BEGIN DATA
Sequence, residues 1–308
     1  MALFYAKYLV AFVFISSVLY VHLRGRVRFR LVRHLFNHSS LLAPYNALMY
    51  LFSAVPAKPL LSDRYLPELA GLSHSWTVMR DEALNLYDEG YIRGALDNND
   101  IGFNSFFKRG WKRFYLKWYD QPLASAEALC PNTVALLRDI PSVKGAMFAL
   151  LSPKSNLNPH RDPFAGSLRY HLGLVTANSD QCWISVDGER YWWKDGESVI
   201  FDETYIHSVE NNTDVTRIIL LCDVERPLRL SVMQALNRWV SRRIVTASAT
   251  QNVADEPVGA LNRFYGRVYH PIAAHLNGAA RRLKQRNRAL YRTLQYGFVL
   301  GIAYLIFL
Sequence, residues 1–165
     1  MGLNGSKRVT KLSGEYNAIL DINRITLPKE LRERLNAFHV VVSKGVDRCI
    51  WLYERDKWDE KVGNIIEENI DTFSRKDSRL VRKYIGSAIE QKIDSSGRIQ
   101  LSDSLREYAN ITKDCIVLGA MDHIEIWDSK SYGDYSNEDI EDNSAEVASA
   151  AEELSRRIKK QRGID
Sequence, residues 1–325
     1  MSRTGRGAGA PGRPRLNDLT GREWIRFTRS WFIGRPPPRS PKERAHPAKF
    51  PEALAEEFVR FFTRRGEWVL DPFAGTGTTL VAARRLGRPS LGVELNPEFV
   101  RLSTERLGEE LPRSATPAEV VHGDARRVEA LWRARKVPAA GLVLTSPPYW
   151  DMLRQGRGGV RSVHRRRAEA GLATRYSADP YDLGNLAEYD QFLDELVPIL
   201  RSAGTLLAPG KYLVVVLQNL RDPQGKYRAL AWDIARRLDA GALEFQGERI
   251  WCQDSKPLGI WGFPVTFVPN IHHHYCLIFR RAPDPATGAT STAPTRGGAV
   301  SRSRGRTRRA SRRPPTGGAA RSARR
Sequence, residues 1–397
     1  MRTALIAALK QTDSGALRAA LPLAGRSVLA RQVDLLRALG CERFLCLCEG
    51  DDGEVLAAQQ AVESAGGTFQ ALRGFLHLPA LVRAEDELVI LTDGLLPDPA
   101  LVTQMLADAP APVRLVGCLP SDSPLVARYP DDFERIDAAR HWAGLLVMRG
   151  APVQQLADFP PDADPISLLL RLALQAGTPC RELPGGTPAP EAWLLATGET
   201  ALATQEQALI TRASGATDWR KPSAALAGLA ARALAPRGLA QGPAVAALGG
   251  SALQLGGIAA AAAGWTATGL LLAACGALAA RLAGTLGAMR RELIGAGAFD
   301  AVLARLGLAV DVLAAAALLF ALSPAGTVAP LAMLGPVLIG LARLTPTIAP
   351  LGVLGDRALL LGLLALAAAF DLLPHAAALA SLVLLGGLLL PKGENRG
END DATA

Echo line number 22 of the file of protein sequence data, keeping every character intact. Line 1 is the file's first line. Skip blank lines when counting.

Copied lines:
Sequence, residues 1–397